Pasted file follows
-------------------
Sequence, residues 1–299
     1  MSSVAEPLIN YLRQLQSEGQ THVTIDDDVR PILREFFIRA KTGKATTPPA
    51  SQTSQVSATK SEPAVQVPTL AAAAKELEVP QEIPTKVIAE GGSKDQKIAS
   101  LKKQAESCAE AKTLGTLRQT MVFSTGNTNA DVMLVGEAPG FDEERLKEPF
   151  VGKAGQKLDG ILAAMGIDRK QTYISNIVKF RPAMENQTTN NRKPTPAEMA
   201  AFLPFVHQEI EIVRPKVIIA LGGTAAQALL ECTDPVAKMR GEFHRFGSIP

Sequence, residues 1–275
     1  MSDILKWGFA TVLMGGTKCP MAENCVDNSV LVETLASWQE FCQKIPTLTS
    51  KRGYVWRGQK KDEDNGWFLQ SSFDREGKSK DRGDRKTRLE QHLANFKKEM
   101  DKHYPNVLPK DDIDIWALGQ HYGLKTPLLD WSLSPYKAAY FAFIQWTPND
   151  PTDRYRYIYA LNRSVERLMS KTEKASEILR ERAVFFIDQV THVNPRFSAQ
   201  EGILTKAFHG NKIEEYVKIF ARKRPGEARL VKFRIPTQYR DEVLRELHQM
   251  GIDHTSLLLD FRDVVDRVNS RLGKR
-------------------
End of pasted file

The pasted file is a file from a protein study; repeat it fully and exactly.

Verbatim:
Sequence, residues 1–299
     1  MSSVAEPLIN YLRQLQSEGQ THVTIDDDVR PILREFFIRA KTGKATTPPA
    51  SQTSQVSATK SEPAVQVPTL AAAAKELEVP QEIPTKVIAE GGSKDQKIAS
   101  LKKQAESCAE AKTLGTLRQT MVFSTGNTNA DVMLVGEAPG FDEERLKEPF
   151  VGKAGQKLDG ILAAMGIDRK QTYISNIVKF RPAMENQTTN NRKPTPAEMA
   201  AFLPFVHQEI EIVRPKVIIA LGGTAAQALL ECTDPVAKMR GEFHRFGSIP

Sequence, residues 1–275
     1  MSDILKWGFA TVLMGGTKCP MAENCVDNSV LVETLASWQE FCQKIPTLTS
    51  KRGYVWRGQK KDEDNGWFLQ SSFDREGKSK DRGDRKTRLE QHLANFKKEM
   101  DKHYPNVLPK DDIDIWALGQ HYGLKTPLLD WSLSPYKAAY FAFIQWTPND
   151  PTDRYRYIYA LNRSVERLMS KTEKASEILR ERAVFFIDQV THVNPRFSAQ
   201  EGILTKAFHG NKIEEYVKIF ARKRPGEARL VKFRIPTQYR DEVLRELHQM
   251  GIDHTSLLLD FRDVVDRVNS RLGKR